Working with binary data, S-records (long)

Hans-Joachim Widmaier hjwidmaier at web.de
Thu Mar 20 19:58:30 CET 2003


We have a program to download (Flash-)Eprom images to an embedded device.
It reads the image data from a file in Motorola S-record format, augments
the image with some device specific data and sends the thing via a serial
port to the device, usually after downloading a small piece of software,
a second-stage bootloader, first, in the same manner. This program is
currently written in C and runs under Linux and in a DOS shell under older
Windows versions. Over the years said program accumulated a lot of cruft
and grew command line options like weed. Now my boss asked me to make a
new version which offers a GUI and runs under Windows 2000, XP as well.
Which is perfectly fine with me, 'cause after finding pyserial that'll be
more like a fun job (I've already written a similar thing in Python that
reads an ELF program file and downloads the needed section to another
device - it worked in a few hours; a C version would have taken weeks to
write and debug).

Time to get to the topic. Reading S-records in Python is not all that much
fun (ok, it's neither in C). I've thought about doing it in C and
returning a string, but that would lose the address information. And
creating more complex python data types in C is something I've never done.
And I don't want to compile under Windows. Thus I wrote a pure Python
reader, which looks like (this is the whole class so far):
--------------------------
import operator

class SRecord:
    def __init__(self, init=0xff, checkcs=True):
        self.udata  = []
        self.data   = []
        self.tail   = {}
        self.offset = 0
        self.size   = 0
        self.start  = None
        self.comm   = []
        self.init   = init
        self.check  = checkcs

    def readrecord(self, line):
        """Lese eine Zeile als S-Record und gebe Adresse, Daten und Prüfsumme zurück."""
        type = line[:2]
        data = [int(line[i:i + 2], 16) for i in range(2, len(line), 2)]
        cs   = (reduce(operator.add, data) + 1) & 0xff  # Muß 0 ergeben
        if type in ('S1', 'S9'):
            adr = (data[1] << 8) + data[2]
            fd  = 3
        elif type in ('S2', 'S8'):
            adr = (data[1] << 16) + (data[2] << 8) + data[3]
            fd  = 4
        elif type in ('S3', 'S7'):
            adr = (long(data[0]) << 24) + (data[2] << 16) + (data[3] << 8) + data[4]
            fd  = 5
        elif type == 'S0':      # Kommentar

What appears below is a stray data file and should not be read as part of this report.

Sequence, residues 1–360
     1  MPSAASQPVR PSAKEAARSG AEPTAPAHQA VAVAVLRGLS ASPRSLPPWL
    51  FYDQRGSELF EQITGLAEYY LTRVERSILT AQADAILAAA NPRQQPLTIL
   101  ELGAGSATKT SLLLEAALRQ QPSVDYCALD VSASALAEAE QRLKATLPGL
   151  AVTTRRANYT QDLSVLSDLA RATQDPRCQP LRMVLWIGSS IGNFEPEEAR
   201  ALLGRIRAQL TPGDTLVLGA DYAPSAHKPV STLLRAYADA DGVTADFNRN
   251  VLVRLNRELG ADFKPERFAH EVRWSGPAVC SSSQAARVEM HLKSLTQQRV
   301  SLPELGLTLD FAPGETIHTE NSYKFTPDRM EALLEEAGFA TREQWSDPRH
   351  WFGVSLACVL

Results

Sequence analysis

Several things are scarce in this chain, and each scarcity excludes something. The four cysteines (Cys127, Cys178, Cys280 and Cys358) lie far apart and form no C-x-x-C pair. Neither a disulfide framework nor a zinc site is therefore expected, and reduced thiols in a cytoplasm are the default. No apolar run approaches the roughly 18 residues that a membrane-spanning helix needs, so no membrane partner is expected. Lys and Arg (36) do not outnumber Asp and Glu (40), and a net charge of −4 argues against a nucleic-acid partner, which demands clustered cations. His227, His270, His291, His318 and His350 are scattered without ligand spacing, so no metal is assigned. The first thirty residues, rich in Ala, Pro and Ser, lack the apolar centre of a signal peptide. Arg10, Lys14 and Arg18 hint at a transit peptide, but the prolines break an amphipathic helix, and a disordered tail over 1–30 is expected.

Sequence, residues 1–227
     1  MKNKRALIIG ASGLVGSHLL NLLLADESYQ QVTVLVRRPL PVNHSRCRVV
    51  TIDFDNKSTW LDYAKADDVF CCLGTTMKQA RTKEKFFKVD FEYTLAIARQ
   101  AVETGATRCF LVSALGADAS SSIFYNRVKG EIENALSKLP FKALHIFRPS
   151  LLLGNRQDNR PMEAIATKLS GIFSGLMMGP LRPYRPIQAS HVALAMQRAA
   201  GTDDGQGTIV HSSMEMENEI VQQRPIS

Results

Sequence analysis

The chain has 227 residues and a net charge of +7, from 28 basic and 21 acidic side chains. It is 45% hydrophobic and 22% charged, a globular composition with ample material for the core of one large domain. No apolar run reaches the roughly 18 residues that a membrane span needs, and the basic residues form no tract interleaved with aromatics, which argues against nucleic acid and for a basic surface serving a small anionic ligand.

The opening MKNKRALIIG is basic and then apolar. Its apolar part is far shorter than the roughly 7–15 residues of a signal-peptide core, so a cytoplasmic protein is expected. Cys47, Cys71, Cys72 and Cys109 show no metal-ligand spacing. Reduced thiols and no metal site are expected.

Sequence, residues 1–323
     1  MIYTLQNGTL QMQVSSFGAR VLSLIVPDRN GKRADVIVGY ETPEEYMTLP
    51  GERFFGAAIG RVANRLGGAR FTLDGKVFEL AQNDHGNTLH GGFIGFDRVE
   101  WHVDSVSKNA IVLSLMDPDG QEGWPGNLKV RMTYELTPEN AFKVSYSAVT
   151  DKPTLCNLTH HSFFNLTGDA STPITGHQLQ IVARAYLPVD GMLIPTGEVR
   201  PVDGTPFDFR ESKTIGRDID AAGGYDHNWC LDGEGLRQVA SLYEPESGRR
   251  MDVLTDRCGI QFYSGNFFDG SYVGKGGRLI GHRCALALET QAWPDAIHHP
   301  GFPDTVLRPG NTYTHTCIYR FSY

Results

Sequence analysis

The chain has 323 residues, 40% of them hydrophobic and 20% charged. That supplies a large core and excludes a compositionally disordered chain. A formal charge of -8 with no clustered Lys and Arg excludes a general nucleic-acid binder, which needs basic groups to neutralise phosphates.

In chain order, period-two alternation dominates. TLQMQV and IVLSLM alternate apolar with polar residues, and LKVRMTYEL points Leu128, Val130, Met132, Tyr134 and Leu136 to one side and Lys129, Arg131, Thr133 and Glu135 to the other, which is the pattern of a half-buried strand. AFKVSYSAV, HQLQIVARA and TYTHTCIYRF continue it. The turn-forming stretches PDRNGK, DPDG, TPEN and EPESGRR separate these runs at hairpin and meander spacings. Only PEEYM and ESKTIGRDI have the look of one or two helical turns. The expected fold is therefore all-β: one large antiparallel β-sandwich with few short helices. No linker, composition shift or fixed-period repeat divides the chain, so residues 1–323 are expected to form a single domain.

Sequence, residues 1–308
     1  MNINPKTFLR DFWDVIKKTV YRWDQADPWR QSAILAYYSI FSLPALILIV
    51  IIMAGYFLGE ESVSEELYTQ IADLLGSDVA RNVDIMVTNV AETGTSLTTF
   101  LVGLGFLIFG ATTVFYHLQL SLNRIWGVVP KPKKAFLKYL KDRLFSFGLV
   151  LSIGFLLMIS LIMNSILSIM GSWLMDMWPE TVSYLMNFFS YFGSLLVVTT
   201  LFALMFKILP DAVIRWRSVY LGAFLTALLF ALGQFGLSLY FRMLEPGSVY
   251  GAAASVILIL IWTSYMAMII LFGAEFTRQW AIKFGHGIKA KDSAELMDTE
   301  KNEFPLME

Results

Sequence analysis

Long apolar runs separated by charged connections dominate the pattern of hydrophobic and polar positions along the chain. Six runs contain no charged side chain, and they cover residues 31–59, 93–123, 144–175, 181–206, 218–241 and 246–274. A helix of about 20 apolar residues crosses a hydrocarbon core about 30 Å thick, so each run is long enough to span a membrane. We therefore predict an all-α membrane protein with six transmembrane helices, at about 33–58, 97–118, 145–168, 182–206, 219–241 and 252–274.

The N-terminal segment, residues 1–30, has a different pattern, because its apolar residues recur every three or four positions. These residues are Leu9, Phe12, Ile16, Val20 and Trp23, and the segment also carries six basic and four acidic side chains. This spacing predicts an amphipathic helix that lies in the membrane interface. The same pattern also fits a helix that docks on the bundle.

return 'C', 0, data[3:-1], cs
        else:
            raise ValueError, "Kein gültiger S-Record"
        if type > 'S6':         # Startadresse
            type = 'S'
        else:                   # Daten
            type = 'D'
        return type, adr, data[fd:-1], cs

    def readrecords(self, records):
        """Eine Liste (Zeilen) von S-Records lesen."""
        recno = -1
        for line in records:
            recno += 1
            line = line.rstrip()
            type, adr, data, cs = self.readrecord(line)
            if cs and self.checkcs:
                raise ValueError, "Prüfsummenfehler in Record %d" % recno
            if type == 'D':
                self.udata.append((adr, data))
            elif type == 'S':
                self.start = adr
            else:
                self.comm.append("".join(map(chr, data)))
        if not self.udata:
            return
        self.udata.sort()
        loadr = self.udata[0][0]
        hiadr = self.udata[-1][0] + len(self.udata[-1][1])
        size  = hiadr - loadr
        self.data = [self.init] * size
        for adr, data in self.udata:
            dlen  = len(data)
            adr  -= loadr
            self.data[adr:adr + dlen] = data
        self.offset = loadr
        self.size   = size

-----------------------
On my development machine (1.7 GHz) it's reasonably fast with a file worth
100 KB. But I'm afraid it'll suck on our production machines, which run at
166 MHz (give or take some). I thought about using array, but it's lacking
a method to create a big array without creating a list or string first.

Anyway, does anyone see a way to speed this up? I'm not going to inline
readrecord(), as I don't care about 10 %. I'm asking if you see a real
flaw in my algorithm.

<pipe-dreaming mode on>
Whenever I play with binary data in Python, a dream of a mutable string
data type crops up. Doing byte fiddling with strings is quite ok as long
as the data is comparably small. But when the thing gets largish, the
slicing, copying and reassembling are getting increasingly inelegant, not
to say "un-pythonic." Even if that hypothetical mutable string type
wouldn't be returned by read() and wouldn't be accepted by write(),
conversion from and to normal immutable strings should be cheap.
<pipe-dreaming mode off>

Hope you're not distracted by the german comments, and just presuming you
know what S-records are,

Hans-Joachim




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